It was hard to believe that we had finally arrived at the festival that we had heard so much about – the Running of the Bulls in Pamplona. We arrived in Pamplona by train and our first glimpse of the town was of hundreds of tired looking people covering a very crowded platform. I was excited to think that we were just about to begin the amazing experience that had made these people so exhausted.
As we walked into town, my initial impression was of lots of people lying on the grass and on benches, obviously trying to get some sleep in any available space after a long night of festivities. The other unusual thing about the scene was the colour of the clothes worn by everyone. They were all dressed in white outfits with red scarves. Our own attire seemed very out of place. It didn’t take us long to put that right! Within the hour we too were clothed in t-shirts and matching red scarves bought from the local vendors lining the streets and we no longer looked like new comers.
I checked my watch, and it was still a few hours before we were due to meet our friend Kate, who had travelled to Pamplona separately from us.
Our next priority was to sample some of the Spanish food and drink. There was no question that our first drink would have to be the traditional wine-based sangria. However, the enormous “bucket” of the liquor that we received did come as a shock! The sangria had a potent effect on all of us and we soon found ourselves feeling as if on a roller-coaster ride in the amusement park. We were spun around, up and down and thoroughly drenched by the end of the ride – it was fantastic!
Soon it was time to meet Kate at the agreed-upon spot. Given that we were unfamiliar with Pamplona, it had been difficult to agree on a meeting place. We had decided to meet at a statue in the town’s Temple Bar area that was notorious because of the crazy Australians who climb it and then jump off the top. We were relieved to find the statue empty of people preparing themselves to leap from it. However, to our dismay, there was no sign of Kate there, and after a couple of hours we had to give up waiting for her.
The festival atmosphere was unlike anything I had ever seen before. What pleased me the most was the fact that it was enjoyed by both the foreigners who had travelled from afar to be there and also the local Spaniards alike. The sound of a marching band that wound its way through the crowds of people increased the carnival-like atmosphere, as did the spectacular fireworks display that lit up the night sky.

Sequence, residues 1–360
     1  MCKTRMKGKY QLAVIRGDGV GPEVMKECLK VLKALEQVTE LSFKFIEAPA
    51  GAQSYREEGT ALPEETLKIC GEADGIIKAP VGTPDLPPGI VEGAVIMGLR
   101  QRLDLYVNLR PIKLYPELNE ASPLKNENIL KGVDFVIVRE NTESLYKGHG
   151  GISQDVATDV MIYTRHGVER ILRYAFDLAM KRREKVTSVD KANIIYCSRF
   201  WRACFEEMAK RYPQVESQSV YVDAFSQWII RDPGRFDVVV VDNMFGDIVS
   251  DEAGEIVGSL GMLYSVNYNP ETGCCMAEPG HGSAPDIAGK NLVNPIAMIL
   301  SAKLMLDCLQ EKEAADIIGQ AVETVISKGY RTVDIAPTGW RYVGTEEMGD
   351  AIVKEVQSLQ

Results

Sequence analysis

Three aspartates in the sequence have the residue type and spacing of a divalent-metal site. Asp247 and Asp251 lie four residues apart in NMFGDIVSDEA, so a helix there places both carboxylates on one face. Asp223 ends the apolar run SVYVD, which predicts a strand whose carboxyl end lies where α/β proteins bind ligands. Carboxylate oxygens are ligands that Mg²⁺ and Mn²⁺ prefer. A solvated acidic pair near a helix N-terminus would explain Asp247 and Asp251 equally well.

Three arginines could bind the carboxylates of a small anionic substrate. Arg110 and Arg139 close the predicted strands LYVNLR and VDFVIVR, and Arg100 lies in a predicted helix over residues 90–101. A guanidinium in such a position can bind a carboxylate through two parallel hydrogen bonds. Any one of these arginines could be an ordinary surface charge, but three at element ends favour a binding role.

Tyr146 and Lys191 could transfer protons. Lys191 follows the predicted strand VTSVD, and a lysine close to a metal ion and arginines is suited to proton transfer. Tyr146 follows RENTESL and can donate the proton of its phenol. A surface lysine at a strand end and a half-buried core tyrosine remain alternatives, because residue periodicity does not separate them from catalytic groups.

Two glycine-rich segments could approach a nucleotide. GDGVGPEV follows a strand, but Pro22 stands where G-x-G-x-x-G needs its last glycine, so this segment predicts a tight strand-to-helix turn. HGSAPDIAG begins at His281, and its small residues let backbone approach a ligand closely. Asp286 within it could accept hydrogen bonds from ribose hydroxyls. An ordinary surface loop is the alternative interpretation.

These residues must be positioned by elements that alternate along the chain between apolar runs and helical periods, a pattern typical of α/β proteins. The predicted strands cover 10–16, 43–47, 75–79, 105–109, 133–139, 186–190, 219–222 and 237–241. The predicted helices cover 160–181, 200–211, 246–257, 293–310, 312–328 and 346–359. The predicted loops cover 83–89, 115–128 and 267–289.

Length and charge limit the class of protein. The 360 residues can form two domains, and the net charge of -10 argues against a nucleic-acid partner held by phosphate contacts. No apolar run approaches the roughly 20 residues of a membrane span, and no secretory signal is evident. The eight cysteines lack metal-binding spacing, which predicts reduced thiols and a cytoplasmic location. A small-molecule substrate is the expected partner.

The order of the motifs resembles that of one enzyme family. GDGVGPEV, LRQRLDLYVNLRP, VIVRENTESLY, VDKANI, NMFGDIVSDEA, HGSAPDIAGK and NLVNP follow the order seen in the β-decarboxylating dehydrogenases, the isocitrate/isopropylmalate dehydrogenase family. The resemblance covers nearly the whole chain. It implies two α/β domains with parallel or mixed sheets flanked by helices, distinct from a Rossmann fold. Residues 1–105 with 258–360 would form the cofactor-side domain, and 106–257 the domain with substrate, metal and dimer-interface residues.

A mad dash from the bull
Other travellers had warned us that finding accommodation without a reservation in Pamplona was next to impossible. They were right. As the night wore on, I began to regret the fact that I had not brought my sleeping bag. There was no choice other than to stay up all night until the bull race the next morning. We easily passed the time meeting lots of fellow travellers and swapping some travel stories at the bars in town. Even restaurants and garages had been transformed into bars for the festival and there was a huge variety of music to choose from – salsa and reggae to electronic dance.
Before we knew it, it was time to position ourselves for the running of the bull race. By tradition, women are not permitted to take part in the race, but I saw heaps of others there, and so Emma, my travelling companion needed little further encouragement to join in when we saw the girls lining up for the run. Whilst our families at home would have thought us mad to throw ourselves in and be chased by a pack of running bulls, we had been advised by friends that there was a “safe” way to run. This approach consisted of lining up ahead of the bull start line, beginning the race before them and reaching the bullring well ahead of the stampeding animals in our wake. However, it was a well-known fact that people were often seriously injured and sometimes killed in the race.
It was about 6am when we got into position at the starting line. The streets were lined with people 10 deep and every balcony in the surrounding buildings had people waiting for the run to start. As I sized up the persons either side of me, I could hardly believe my eyes when I suddenly saw Kate. She also recognised me, but as our eyes met, the rocket went off, signaling the start of the race and forcing us to take off together in the swarm of people headed for the bullring.
It was an exhilarating race. Despite knowing that the bulls were not yet within sight, I was sure that they could appear at any minute and I kept the fastest pace that the crowd running beside, behind and in front of me permitted. I was spurred on by the fact that two of the largest bulls of the festival, weighing about 520 kg’s each, were supposed to be running that day. I tried to block out the visual images of people being trampled by bulls that had been playing on the TVs in the bars the night before and splashed across the front page of the local newspapers.
Before I knew it I had reached the bullring and I was dashing for the safety of the stands. I looked behind me. The bulls were now within sight. I was relieved to see Emma and Kate by my side. We had been pulled up into the protection of the stand not one moment too soon. We embraced one another, with surges of relief flooding though us as we had found each other after escaping the peril of the bulls! What a thrill!
It was soon time to head home. As we sat at the crowded platform, I realised that we too had become a part of the weary mob of travellers crowding the platform after my first glimpse of Pamplona.
*The Pamplona Bull Run takes place over several days in July every year.